HANSON'S SHARE price, like the former conglomerate itself, has come a long away. Three years ago, it was in the doldrums at 248p. Recently it hit a high of 632p. The driver has been US expansion. It's now the third-largest producer of sand and gravel there. With half of Hanson's revenues now sourced in the US, its shares have tracked the soaraway performance of the US stock market. Some argue the US economy will continue to storm ahead, others are more sceptical. So is it time to buy or sell Hanson shares?
While Hanson's share price appears pegged to the Dow, the fundamental business is not really tied to the US private sector. The key driver of growth is the Federal government's T-21 programme, a massive increase in spending on highways infrastructure over the next six years, due to start later this year. It's guaranteed - and all the more so if the private sector hit a downturn.
The problem with valuing Hanson, however, is that much of the benefit of T-21 will come from its acquisitions.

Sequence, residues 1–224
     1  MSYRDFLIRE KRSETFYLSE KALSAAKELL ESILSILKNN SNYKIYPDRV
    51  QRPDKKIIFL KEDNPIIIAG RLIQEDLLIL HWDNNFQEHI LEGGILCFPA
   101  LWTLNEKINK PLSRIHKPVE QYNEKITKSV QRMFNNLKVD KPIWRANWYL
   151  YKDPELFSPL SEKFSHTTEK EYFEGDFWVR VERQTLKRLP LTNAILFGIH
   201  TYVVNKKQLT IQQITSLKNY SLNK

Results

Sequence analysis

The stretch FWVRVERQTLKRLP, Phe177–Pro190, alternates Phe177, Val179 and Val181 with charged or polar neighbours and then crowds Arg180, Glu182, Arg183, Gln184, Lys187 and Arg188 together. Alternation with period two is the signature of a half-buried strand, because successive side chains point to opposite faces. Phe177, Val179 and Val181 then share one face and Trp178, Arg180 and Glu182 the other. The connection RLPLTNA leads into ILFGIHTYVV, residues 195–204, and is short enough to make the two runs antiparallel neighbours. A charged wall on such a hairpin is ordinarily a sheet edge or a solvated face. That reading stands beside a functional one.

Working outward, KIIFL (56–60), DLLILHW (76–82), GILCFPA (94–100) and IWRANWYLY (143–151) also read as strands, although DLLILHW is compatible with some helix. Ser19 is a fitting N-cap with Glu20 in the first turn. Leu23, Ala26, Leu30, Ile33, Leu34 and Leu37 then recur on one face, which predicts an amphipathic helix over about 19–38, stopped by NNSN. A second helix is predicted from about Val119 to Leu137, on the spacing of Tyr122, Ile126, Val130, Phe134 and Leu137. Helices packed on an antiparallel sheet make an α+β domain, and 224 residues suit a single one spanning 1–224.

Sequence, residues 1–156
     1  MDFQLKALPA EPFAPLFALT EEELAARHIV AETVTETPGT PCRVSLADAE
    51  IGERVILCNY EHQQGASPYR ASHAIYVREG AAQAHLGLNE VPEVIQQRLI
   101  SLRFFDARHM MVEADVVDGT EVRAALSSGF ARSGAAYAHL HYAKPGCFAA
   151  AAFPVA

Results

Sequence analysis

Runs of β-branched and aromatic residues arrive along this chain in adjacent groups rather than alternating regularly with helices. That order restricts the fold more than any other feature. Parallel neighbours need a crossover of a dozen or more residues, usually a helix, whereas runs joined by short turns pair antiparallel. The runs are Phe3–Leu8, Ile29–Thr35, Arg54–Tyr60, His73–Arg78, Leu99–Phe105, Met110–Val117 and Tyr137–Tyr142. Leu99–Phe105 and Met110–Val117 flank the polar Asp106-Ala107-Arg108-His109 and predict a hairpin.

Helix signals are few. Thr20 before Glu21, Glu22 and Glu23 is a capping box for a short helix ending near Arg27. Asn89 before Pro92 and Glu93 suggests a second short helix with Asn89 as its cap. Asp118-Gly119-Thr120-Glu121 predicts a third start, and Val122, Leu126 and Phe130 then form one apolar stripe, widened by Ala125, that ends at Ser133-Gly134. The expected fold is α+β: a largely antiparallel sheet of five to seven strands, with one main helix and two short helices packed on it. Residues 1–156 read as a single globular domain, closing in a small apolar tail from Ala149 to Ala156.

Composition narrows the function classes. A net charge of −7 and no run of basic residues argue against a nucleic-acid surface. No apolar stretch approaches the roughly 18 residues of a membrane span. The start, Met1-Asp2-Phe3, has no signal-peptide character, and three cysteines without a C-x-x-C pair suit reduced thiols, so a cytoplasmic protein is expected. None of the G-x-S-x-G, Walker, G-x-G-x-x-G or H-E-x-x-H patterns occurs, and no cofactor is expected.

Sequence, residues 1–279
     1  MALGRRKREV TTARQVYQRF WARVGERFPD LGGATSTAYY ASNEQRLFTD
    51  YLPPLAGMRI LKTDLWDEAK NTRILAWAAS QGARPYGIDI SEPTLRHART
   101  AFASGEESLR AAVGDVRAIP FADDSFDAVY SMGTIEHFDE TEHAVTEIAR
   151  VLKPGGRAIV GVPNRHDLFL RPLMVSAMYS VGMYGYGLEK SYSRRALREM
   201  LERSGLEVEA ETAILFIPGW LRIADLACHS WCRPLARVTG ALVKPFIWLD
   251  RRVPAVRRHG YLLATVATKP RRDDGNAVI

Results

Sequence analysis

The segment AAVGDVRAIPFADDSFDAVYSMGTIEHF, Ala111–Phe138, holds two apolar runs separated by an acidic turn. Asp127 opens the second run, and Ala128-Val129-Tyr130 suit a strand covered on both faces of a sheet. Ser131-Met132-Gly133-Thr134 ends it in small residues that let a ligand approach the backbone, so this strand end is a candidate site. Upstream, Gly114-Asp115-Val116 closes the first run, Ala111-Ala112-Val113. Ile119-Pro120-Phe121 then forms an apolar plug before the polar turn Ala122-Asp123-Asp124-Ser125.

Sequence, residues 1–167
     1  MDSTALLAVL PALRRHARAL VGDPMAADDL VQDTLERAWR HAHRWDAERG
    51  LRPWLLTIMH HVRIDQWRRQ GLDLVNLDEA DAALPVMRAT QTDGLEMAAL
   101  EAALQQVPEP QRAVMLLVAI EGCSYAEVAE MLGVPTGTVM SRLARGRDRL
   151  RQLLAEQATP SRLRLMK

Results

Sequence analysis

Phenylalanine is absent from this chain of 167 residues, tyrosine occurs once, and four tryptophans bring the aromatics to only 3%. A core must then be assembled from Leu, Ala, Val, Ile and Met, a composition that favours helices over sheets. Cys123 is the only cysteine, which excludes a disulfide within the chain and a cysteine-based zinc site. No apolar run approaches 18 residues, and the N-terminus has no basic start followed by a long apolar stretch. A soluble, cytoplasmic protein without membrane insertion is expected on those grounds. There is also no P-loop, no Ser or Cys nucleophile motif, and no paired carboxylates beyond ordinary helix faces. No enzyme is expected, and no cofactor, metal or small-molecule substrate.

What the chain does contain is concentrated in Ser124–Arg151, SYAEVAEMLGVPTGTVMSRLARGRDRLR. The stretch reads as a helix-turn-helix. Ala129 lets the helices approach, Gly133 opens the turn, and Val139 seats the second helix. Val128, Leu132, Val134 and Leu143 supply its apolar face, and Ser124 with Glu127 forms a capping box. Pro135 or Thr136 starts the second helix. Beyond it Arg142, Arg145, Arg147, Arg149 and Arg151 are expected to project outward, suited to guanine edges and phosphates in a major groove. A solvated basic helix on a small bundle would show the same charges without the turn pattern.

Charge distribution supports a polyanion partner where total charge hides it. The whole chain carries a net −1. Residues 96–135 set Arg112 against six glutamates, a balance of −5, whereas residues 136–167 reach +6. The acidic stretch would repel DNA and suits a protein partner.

Aggregates is a local business - it's uneconomical to transport material far from a quarry - and Hanson needs to snap up some of the 4,000 or so smaller rivals it has in the US. It spent pounds 216m in the first half of the year on acquisitions, against pounds 190m in the whole of 1998.
At home, the group is expecting a weak performance in the UK to be turned around as housebuilding activity increases. Europe will remain unexciting.
Analysts expect pre-tax profits of around pounds 285m and earnings of around 33.3p this year. Higher tax charges mean that rises to only pounds 310m and 34.3p the following year. That puts the shares, down 19.5p yesterday at 561.5p, on a forward price-earnings ratio of